Racism me a 7 in the morning” (Anderson,

Racism
limited the educational opportunities for minorities along with housing and
jobs. Racism tends to be a huge factor in the way minorities perform in school.
African Americans that walk to school must face the possibility of being
harassed by a police officer and some have to walk through metal detectors in
order to step foot in school. In the article How the Stress of Racism Affects Learning, Melinda Anderson,
explains the struggles Zion Agostini faces every day as a black male. For
example, Anderson states, “Me being a black male, I’m more likely to be stopped
and frisked by a cop. Then I’m going to school with more cops… messing
with me a 7 in the morning” (Anderson, Melinda). Later, in this article, Zion
explains how his tardiness puts him behind in his classes because in addition
to him being stopped, he must go through metal detectors which in turn slows
the process. Another issue that affects minorities education is the limited
opportunities offered due to school’s systems not having a wide range of
programs to help them succeed. In the novel The
children In Room E4, Susan Eaton explains how Weaver High School as a
whole, performed poorly in math and science statewide test, which resulted in
only a small percentage of students from Weaver High School reaching the states’
goal. The odds were against Jeremy, a Puerto Rican kid from Hartford, North
Carolina that had a lot of potential, but his chances of going to college were
slim. Since Weaver High School did not offer a rigorous curriculum, Jeremy
would not have the proper preparation for college (Eaton, 2007). Unfortunately,
many minorities currently face these odds daily because of the lack of
resources available to schools that are in poorer communities. In addition,
many families today, face similar issues regarding lack of educational opportunities
due to district polices that prevents their kids from attending better quality schools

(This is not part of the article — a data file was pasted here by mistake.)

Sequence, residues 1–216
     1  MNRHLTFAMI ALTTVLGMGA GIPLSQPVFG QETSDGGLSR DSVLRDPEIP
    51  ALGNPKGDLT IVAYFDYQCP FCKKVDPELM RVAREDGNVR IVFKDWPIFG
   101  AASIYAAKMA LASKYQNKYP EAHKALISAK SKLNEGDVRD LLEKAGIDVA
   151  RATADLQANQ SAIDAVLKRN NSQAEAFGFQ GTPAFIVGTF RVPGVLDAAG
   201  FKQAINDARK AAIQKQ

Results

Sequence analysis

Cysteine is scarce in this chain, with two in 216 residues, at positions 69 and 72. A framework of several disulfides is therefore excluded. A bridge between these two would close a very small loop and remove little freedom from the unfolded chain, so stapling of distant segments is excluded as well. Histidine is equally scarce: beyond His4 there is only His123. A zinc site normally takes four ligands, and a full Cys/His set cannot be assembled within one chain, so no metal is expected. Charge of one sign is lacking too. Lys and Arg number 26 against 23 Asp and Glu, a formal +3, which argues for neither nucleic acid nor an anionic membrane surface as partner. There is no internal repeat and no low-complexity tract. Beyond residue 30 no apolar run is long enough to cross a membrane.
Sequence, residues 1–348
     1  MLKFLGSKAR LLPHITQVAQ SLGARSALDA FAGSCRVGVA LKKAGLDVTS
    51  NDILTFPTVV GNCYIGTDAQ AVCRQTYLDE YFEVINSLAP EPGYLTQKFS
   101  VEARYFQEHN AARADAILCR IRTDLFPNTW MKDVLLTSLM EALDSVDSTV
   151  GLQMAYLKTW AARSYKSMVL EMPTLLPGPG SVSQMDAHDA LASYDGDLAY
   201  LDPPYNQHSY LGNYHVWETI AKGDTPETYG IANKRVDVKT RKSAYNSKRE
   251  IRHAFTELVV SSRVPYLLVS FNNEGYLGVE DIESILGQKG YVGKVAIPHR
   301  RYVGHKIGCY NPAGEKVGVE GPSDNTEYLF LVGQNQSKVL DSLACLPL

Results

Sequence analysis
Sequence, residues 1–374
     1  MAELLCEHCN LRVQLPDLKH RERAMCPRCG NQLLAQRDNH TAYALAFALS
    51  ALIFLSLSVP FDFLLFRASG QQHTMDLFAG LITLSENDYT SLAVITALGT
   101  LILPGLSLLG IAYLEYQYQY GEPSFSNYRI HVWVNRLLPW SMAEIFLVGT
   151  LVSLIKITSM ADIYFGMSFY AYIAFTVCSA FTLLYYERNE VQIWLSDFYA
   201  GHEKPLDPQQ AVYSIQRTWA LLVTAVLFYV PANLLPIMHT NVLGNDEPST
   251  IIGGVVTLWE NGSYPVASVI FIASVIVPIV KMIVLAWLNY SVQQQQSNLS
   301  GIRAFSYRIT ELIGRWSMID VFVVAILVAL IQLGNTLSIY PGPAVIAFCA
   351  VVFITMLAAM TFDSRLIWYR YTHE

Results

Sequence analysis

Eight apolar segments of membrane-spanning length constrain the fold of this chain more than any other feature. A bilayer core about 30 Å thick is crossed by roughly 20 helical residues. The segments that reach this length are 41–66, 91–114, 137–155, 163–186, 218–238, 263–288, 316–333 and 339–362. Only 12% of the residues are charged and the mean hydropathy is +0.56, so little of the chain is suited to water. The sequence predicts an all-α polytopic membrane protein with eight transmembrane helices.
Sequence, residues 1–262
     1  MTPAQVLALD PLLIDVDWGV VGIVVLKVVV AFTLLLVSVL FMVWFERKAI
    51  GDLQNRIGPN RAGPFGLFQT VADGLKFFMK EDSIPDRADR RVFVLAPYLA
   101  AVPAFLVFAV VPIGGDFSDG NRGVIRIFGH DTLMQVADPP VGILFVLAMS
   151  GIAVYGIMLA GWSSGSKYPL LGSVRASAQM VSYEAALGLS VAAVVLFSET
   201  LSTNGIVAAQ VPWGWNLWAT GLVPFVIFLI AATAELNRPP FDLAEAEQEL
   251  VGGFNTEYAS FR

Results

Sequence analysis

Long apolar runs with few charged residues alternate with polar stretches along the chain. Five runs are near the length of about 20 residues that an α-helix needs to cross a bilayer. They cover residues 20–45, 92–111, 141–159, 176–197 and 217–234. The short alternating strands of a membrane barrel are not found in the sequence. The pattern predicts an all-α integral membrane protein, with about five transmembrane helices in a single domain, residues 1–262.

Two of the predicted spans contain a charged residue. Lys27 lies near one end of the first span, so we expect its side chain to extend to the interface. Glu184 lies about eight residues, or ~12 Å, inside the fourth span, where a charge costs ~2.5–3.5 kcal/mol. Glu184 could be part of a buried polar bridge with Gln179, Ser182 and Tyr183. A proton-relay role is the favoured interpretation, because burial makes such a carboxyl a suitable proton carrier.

in other districts.

            A disagreement that was significant to me has to be the
discussion we had in class about kneeling during the Pledge of Allegiance. A
classmate did a news share about a 6-year-old boy being silenced by his teacher
for kneeling during the National Anthem. In this article, the teacher wrote a
letter to the parents of the young boy explaining how the class is learning
about what it means to be a “good citizen”. The author Jeffery Solochek
explained the teacher’s opinion about her statement about being a good citizen.  Solochek states, “That means respecting the
United States of America and our country symbols and showing loyalty and patriotism”,
the teacher wrote, “and that we stand for the Pledge of Allegiance.” (Solochek,
Jeffery) The mother of the young boy felt that the letter was stripping away
her sons right to speak up and in turn he may feel that his words or actions
will get him in trouble. This topic is sensitive to a lot of people because
some see it as disrespecting our military, while other see it as African
Americans standing up to the injustice we face daily. I also think its pitiful
that the same people arguing that kneeling during the National Anthem is disrespectful
to our military when those vary people do nothing to help them find steady jobs
or shelter.

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